A main reason that grating increases potency is that more cell walls are pulverized, releasing the range of sulfurous compounds.

                        As to grating technique, get in touch with onion. Get a box grater. I keep a stack of cheap paper plates ( pack of 80 for a dollar), and place one under the grater. The onion gives off a lot of juice, but the plate catches it and you can bend it and direct the slurry to your appointed vessel.

                        This said in praise to all Alliums.

                        6 Replies
                        1. re: FoodFuser

                          Good juice catching tip there, Fuser. You are totally correct about the potency increase as well.

                          Back in the days of my young chef career, and before the advent of food processors, I worked for a tyrant chef who requested (demanded) that I grate 5-6 very large yellow onions on a box grater for a giant batch of her (yes, a female tyrant chef) special red sauce. It was a task I dreaded, but must have done well, because I was the only one who ever had to do it...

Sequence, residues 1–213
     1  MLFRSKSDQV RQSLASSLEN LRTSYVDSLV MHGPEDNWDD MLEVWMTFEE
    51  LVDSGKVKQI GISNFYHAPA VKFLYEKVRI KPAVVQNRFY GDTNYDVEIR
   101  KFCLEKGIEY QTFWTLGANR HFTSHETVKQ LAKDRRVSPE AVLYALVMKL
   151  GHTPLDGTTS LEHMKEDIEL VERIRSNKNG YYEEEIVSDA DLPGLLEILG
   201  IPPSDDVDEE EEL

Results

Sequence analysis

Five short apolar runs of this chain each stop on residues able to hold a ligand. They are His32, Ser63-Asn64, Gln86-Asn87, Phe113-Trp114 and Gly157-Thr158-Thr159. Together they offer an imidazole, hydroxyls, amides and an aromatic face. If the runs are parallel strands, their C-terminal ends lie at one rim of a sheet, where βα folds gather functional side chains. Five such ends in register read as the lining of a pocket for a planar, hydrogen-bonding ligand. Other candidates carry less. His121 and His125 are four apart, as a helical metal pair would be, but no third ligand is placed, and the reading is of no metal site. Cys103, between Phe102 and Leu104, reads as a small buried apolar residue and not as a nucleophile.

I do grate onion for a number of items previously mentioned, potato pancakes, slaw, dressings, sauces where I want a smooth texture; the only issue I have is dealing with the effects of the onion's hyper-released sulfurous compounds on my eyeballs.

                          1. re: FoodFuser

                            I use the paper plate transfer method too!

                            1. re: FoodFuser

                              More on the box grater. Use the largest hole, the ones that are about 3.5 millimeters.